Wednesday, 8 December 2010

UK shares experience on loss and damage

By Makereta Komai, Climate Pasifika Media in Cancun, Mexico

08 DECEMBER 2010 CANCUN --- United Kingdom’s climate change secretary, Chris Huhne agrees that insurance costs associated with climate change must be dealt with, in the context of the negotiations currently underway here in Cancun.

And, he used the huge pay-out by insurance companies to victims of floods as examples of the huge costs involved in a disaster caused by climate change.

“In the UK alone, over the last 10 years, the pay-out for flooding was 4.5 billion pounds whereas in the previous 10 years, it was 1.5 billion pounds.

“This is hard business evidence of the costs that are being inflicted on our economies by climate change and we have to tackle this problem, said Huhne.

Huhne’s concern is shared by the Alliance of Small Island States (AOSIS), who have been calling for loss and damage to be reflected in the outcome of the Cancun talks.

“Even with the 1.5 degree Celsius that AOSIS is pushing for, there will still be high damage and cost and that is why we must have an adaptation committee endorsed here in Cancun, said Ambassador Dessima Williams speaking on behalf of AOSIS.

“We also need to establish a loss and damage mechanism to begin the global task of dealing with the unavoidable damage from the impacts of climate change. '

“Robust scientific information is essential to improving our understanding and to guide policy makers and leaders.

Responding to the findings of the Emissions Gap Report by the United Nations Environment Programme (UNEP), Ambassador Williams said while report does not specifically talk about the 1.5 degree goal, AOSIS is optimistic that ‘our goal is feasible’

“The foundation for elements for that reduction must be laid here in Cancun and not just on mitigation.

“Two years ago, at COP14 in Poznan, AOSIS set a long term goal of limiting the temperature to below 1.5 degrees Celsius. At that time, critics described this goal as unrealistic but AOSIS believed and continues to believe that it is fundamental for our survival and there is a now a coalition of 106 countries that have embraced this goal.

“If you have a village with 192 houses and 106 of them are beginning to warm up to the level of burning, you clearly want to two things – insurance for loss and damage and take measures to cool the heat, said Ambassador Williams

“The UNEP report is an extraordinary scientific endorsement of the need for more ambitious policy measures and outcomes in a balanced way at Cancun.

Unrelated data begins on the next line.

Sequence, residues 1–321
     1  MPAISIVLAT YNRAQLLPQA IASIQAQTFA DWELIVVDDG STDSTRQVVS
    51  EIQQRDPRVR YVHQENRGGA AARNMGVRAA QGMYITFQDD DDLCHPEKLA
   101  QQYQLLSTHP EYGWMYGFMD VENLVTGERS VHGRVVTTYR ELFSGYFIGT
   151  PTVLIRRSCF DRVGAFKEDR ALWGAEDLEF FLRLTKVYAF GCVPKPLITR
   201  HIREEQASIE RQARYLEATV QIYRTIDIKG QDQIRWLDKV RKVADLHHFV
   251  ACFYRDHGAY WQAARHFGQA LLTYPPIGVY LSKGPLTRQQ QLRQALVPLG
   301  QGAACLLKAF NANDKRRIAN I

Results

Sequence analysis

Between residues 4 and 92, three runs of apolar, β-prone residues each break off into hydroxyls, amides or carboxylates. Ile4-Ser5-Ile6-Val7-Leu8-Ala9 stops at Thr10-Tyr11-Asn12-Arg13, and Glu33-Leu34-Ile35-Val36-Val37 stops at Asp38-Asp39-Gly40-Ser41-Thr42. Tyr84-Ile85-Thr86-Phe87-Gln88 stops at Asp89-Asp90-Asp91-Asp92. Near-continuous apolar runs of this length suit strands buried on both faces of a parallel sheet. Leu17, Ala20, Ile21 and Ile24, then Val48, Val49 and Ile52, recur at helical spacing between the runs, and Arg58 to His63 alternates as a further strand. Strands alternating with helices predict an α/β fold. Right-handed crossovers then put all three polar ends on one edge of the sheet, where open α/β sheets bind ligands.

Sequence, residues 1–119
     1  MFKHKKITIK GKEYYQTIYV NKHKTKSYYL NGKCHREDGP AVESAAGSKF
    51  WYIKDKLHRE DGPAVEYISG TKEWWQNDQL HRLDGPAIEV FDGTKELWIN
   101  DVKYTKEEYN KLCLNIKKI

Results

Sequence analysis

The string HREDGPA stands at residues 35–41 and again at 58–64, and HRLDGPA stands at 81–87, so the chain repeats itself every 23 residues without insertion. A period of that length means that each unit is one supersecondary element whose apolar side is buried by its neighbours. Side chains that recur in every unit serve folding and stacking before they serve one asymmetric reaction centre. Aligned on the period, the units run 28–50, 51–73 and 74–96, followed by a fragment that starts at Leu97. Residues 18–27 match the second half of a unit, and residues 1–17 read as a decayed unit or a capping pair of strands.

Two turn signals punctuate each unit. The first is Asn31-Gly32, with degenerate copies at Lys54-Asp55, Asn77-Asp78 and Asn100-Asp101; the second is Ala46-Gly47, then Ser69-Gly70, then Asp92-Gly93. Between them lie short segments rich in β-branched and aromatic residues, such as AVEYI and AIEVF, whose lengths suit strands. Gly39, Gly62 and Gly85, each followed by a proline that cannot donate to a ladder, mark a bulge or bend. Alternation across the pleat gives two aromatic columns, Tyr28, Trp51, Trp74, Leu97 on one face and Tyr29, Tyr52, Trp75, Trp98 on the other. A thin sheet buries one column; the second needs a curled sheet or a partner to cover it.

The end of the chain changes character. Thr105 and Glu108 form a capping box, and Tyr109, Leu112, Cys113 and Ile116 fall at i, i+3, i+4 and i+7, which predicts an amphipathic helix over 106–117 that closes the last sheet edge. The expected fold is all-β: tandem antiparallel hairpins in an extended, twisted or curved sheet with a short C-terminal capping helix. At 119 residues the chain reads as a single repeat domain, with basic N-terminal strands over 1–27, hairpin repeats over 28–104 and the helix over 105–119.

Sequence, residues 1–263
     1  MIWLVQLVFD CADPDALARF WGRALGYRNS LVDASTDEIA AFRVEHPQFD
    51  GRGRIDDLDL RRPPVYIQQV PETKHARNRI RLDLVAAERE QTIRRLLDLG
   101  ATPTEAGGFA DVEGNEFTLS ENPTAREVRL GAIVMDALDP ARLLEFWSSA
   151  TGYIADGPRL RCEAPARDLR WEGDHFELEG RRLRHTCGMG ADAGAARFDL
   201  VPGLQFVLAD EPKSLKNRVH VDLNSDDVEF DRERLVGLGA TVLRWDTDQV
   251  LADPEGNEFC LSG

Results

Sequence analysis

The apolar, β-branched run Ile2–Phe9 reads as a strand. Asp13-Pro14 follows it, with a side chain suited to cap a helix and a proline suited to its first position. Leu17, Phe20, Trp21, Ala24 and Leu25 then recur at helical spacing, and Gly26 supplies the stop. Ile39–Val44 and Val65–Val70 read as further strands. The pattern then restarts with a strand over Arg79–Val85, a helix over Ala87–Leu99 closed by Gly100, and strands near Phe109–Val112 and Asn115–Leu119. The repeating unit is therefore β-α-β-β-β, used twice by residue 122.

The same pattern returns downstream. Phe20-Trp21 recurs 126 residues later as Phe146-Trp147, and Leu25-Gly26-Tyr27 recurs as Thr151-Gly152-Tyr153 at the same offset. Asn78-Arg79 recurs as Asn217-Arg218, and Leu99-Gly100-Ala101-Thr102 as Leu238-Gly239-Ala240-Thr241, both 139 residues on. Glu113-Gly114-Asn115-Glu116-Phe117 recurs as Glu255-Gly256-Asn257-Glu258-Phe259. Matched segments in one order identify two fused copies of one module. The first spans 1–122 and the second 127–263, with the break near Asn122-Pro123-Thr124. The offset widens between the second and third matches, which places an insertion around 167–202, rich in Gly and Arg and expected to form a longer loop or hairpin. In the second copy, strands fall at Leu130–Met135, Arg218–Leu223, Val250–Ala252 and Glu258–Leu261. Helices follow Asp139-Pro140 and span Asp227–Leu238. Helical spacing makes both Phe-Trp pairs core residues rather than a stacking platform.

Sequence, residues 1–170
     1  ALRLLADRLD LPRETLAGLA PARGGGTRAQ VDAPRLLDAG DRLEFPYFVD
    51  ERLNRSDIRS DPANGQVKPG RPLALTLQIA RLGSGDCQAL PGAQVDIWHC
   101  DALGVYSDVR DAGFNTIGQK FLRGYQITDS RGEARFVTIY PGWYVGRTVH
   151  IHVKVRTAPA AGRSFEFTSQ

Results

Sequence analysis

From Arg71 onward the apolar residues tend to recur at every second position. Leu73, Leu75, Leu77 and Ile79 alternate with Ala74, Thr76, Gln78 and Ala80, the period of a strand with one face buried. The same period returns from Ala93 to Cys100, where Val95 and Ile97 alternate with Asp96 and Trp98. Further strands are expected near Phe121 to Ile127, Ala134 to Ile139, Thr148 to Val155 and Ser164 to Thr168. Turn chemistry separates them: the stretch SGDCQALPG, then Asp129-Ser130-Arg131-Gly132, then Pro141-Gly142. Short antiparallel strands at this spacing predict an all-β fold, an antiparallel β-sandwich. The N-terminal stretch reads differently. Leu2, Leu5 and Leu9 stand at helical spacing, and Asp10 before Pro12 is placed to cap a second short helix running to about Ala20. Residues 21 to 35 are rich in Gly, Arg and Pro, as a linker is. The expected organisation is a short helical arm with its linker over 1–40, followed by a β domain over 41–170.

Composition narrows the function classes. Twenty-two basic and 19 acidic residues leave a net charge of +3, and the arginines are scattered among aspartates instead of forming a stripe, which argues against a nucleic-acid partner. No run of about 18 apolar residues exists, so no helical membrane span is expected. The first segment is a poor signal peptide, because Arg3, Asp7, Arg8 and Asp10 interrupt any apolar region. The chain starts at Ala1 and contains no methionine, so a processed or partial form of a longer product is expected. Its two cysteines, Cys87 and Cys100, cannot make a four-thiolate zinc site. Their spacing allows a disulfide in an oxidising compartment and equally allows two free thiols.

The draft negotiating text is still referencing 2 degree Celsius with a process of review expected in the outcome document next week, said Ambassador Williams.

The Emissions Gap Report, published by the United Nations Environment Programme (UNEP) clearly shows a 5 Gigatonne gap between the climate science and the commitments under the Copenhagen Accord.

If all the voluntary commitments to reduce greenhouse gas emissions in the Copenhagen Accord were met, it would only cover 60 percent of the emissions reduction needed to keep the global temperatures under 2 degrees Celsius, said the report.

What happens to the 40 percent is the question in the mind of negotiators here in Cancun, if all the pledges were met.

The UNEP report is jointly authored by over 30 leading scientists from numerous international research institutes.

UN Secretary-General, Ban Ki-moon, said, "I encourage all Parties to make good on their national mitigation pledges, and to further progress within the negotiations as well as through strengthened efforts on the ground to curb emissions. There is no time to waste. By closing

It is estimated that, in order to have a 'likely' and cost-effective chance of pegging temperatures to 2 degrees Celsius or below over the 21st Century, global emissions will need to have peaked within the next 10 years and be around 44 gigatonnes of CO2 equivalent in 2020.

AOSIS countries are asking that global emissions peak at 2015.

The report, whose compilation was led by the UNEP Chief Scientist, finds that:

Under a business-as-usual scenario, annual emissions of greenhouse gases could be around 56 gigatonnes of CO2 equivalent by 2020. As a point of reference, global emissions were estimated to be around 48 gigatonnes in 2009;

Fully implementing the pledges and intentions associated with the Copenhagen Accord could, in the best case identified by the group, cut emissions to around 49 gigatonnes of CO2 equivalent by 2020;

This would leave a gap of around 5 gigatonnes of CO2 equivalent that needs to be bridged over the coming decade - an amount equal to the emissions of all the world's cars, buses and trucks in 2005;

In the worst case identified in the report - where countries follow their lowest ambitions and accounting rules set by negotiators are lax rather than strict - emissions could be as high as 53 gigatonnes in 2020, only slightly lower than business as usual projections.

Achim Steiner, UN Under-Secretary General and UNEP Executive Director, said: "The results indicate that the UN meeting in Copenhagen could prove to have been more of a success than a failure if all the commitments, intentions and funding, including fully supporting the pledges of developing economies, are met."

"There is a gap between the science and current ambition levels. But, what this report shows is that the options on the table right now in the negotiations can get us almost 60 per cent of the way there. This is a good first step, said Steiner.

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